Remembrance Day is a time for quiet reflection, not war

The recent murder of Corporal Nathan Cirillo in Ottawa has many Canadians anxious for their safety and calling for greater security measures.

His death was undoubtedly a tragedy, however, it is imperative that Canadians do not use isolated incidents like this one to encourage military action, particularly around Remembrance Day.

Now is a time for quiet contemplation of the consequences of war and conflict, not a time to encourage greater military action.

People called World War I “The War to End all Wars.” Even using official Canadian government records, the death toll is shocking.

Out of a population of eight million people, more than 650,000 men and women from Canada and Newfoundland served, and of these people, over 66,000 gave their lives and more than 172,000 were wounded.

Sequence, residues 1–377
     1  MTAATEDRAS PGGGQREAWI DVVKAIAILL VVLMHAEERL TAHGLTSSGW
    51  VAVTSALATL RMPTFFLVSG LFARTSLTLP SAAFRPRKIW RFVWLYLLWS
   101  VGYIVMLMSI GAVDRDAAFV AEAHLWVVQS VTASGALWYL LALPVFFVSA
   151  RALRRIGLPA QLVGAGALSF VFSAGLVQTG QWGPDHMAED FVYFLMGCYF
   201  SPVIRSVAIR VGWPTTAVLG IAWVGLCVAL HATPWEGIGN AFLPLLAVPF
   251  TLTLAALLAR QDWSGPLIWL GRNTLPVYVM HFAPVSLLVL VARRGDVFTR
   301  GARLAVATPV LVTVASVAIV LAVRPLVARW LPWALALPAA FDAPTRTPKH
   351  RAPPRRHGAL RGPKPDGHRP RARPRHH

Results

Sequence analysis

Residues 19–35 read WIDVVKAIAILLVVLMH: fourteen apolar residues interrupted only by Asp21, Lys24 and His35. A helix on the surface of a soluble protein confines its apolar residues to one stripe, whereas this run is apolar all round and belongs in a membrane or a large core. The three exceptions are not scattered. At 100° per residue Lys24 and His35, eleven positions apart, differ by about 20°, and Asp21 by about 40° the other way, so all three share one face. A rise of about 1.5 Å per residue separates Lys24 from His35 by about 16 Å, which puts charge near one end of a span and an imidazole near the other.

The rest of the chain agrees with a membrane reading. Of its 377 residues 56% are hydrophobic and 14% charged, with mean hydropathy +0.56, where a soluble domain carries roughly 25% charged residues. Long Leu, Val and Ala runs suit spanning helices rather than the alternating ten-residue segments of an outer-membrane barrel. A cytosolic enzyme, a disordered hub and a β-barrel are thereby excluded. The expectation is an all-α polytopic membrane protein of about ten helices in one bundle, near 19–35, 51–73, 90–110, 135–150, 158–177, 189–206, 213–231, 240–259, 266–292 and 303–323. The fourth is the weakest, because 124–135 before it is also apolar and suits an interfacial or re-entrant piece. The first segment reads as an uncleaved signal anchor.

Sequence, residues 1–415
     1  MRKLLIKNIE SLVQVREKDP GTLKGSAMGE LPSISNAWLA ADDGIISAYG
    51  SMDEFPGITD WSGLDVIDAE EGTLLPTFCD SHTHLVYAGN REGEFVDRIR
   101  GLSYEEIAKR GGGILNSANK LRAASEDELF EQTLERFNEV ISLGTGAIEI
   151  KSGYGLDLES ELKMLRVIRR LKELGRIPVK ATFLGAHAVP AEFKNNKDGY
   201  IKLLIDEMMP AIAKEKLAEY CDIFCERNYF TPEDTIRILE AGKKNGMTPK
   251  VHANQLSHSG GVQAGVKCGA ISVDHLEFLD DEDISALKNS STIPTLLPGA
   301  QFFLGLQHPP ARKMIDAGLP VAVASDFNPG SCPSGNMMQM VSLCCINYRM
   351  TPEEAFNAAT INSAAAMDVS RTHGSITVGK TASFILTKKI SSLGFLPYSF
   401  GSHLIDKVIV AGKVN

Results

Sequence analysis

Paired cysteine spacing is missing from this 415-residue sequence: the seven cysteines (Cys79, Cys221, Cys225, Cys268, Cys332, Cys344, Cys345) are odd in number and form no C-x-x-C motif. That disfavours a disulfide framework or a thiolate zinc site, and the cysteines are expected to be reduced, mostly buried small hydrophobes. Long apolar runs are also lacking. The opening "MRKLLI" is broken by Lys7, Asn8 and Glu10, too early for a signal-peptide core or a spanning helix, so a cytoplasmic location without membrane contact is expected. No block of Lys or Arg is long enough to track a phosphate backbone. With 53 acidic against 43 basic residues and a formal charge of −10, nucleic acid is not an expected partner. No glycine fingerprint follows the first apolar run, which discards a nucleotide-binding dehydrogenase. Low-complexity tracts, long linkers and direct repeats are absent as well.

Almost a century later, Canada still commemorates this and holds ceremonies on Remembrance Day. It is then appropriate to contextualize our emotions around the murder of Cirillo in terms of the horrific toll of war and conflict rather than in terms of military-glorifying nationalistic fear.

The recent decision of the Harper government to involve Canada in military action in Iraq is already a substantial step in the wrong direction. Incidents like the shooting in Ottawa are just the kind of tool a warmongering government can take advantage of to justify and reinforce even greater military involvement.

It’s our duty to prevent this from happening. We must not allow fear to be used as a motivator towards greater death and loss.

We should consider the loss Cpl. Cirillo’s family has suffered, the losses our own families have suffered in conflicts, and whether more of this kind of loss and grief is worth a little more peace of mind.


Remembrance Day is a time for quiet reflection, not war